legislation will be similar to Victoria’s Occupational Health and Safety Act 2004. So if your business is compliant with Victorian law, you are well placed to comply with the new legislation. The new system of harmonised laws will include an Act, Regulations, Codes of Practice and a National Compliance and Enforcement Policy. This information sheet will help you start to understand the changes to terms, definitions, and duties proposed by the new legislation.

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Guide to the Work Health and Safety Act 2011

This guide provides an overview of the Queensland Work Health and Safety Act 2011 (WHS Act). It is designed to help people understand their health and safety duties and rights in the workplace. However it is not intended to be read in place of the WHS Act. To assist readers, crossreferences to specific sections of the WHS Act are provided after each heading. It also provides information on:
• the requirements for consultation between business operators,
worker representatives and workers;
• the notification of incidents; enforcement procedures;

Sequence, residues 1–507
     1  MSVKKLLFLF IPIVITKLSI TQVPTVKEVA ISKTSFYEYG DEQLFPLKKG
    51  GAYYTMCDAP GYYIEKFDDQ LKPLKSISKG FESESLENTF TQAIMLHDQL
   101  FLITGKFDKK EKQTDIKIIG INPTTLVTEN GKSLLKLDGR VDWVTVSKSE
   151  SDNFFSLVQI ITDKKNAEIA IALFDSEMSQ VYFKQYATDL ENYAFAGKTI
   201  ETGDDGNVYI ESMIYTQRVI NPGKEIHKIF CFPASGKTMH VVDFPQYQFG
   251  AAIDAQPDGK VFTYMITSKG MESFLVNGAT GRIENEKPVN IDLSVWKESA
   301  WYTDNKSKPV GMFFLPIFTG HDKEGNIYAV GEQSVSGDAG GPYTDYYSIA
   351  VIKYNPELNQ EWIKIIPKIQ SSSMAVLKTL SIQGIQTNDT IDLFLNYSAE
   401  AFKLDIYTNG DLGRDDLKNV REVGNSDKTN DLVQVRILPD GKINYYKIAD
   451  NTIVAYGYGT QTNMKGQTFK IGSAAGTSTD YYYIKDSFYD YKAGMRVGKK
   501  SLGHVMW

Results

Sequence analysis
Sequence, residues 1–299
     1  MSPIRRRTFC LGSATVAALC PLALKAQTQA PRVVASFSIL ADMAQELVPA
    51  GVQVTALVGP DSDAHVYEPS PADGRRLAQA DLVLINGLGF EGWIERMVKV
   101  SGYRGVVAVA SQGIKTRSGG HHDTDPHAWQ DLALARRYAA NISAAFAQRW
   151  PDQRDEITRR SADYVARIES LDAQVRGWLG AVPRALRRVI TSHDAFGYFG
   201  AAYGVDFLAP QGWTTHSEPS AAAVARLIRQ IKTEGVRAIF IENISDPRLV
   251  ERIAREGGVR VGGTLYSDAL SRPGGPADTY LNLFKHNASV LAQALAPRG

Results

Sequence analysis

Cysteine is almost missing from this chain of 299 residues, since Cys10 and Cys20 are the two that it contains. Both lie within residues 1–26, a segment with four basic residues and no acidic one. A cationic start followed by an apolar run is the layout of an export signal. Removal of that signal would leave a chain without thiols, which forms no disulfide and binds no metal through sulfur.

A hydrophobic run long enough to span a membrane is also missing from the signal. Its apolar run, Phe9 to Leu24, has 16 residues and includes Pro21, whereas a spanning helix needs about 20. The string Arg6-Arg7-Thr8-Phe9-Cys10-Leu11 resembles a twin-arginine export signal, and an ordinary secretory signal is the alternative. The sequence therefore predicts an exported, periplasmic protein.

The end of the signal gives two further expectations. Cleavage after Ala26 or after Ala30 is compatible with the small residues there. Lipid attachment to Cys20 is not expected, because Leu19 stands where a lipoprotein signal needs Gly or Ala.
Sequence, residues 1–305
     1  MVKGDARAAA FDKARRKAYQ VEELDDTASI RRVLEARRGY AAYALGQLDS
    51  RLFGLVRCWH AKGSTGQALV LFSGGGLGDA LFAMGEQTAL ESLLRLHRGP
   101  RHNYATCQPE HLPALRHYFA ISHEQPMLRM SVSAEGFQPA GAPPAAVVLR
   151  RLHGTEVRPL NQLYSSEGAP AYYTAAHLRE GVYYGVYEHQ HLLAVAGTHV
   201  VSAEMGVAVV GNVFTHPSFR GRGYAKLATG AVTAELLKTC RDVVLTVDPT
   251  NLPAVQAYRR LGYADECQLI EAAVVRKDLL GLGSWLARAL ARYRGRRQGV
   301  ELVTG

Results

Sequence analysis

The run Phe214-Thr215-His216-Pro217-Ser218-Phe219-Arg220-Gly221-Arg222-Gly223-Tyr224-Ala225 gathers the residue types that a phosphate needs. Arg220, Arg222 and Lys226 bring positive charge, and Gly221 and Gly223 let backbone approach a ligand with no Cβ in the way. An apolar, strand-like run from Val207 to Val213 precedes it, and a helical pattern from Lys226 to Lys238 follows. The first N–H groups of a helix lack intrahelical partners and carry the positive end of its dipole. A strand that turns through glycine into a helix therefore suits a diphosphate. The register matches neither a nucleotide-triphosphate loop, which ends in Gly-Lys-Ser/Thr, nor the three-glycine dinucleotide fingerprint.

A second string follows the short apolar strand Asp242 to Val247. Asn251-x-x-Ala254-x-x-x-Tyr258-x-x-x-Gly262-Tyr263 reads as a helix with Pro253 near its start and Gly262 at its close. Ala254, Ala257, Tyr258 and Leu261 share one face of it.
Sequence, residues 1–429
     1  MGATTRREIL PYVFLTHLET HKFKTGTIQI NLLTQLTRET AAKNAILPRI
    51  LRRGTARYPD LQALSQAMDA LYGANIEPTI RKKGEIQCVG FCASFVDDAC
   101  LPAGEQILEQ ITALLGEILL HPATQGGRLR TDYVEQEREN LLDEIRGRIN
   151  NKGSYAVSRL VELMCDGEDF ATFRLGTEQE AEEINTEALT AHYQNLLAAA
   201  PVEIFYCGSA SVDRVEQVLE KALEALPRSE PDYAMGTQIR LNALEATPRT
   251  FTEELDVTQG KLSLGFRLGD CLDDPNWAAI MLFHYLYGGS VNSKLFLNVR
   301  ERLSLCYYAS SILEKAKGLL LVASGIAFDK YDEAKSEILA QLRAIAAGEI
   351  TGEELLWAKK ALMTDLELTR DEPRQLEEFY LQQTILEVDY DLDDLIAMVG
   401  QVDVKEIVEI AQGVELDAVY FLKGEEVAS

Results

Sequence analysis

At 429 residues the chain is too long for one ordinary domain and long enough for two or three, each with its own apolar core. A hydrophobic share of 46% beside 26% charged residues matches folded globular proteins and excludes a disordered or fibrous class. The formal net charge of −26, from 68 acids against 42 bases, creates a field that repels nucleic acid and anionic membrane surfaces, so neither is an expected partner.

• what constitutes an offence under the WHS Act and the range of
penalties that apply.

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Model work health and safety regulations

Overall, the implementation of the model Work Health and Safety Regulations (WHS Regulations) 1 should not have a significant impact in how NSW businesses operate and manage work health and safety matters.
Essentially, many requirements are unchanged, or substantially the same as is currently prescribed in the existing Occupational Health and Safety Regulation 2001 (OHS Regulation). However, some NSW businesses or industries may need to change how they comply with work health and safety legislation in the following respects:

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New work health and safety laws in 2012